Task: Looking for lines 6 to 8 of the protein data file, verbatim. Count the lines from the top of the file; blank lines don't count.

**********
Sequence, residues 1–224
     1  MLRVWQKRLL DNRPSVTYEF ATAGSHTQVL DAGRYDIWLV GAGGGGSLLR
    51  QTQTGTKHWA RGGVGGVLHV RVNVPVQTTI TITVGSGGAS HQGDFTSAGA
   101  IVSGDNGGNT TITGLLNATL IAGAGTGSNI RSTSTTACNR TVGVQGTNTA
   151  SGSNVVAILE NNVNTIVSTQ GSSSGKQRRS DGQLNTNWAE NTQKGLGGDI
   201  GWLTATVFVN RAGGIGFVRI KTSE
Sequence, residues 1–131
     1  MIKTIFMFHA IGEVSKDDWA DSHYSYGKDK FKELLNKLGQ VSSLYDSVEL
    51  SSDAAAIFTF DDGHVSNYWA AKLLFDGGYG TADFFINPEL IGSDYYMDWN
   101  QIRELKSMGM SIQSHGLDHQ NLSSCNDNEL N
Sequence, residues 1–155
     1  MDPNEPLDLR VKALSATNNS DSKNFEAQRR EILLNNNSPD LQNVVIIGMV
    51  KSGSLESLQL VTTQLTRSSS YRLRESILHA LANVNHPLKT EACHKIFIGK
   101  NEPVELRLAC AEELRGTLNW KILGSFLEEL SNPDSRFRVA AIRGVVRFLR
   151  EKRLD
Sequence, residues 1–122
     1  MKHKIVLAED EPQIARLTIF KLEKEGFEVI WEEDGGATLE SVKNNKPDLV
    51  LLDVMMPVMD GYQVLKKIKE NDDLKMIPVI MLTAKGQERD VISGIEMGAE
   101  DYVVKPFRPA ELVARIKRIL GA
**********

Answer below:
   201  GWLTATVFVN RAGGIGFVRI KTSE
Sequence, residues 1–131
     1  MIKTIFMFHA IGEVSKDDWA DSHYSYGKDK FKELLNKLGQ VSSLYDSVEL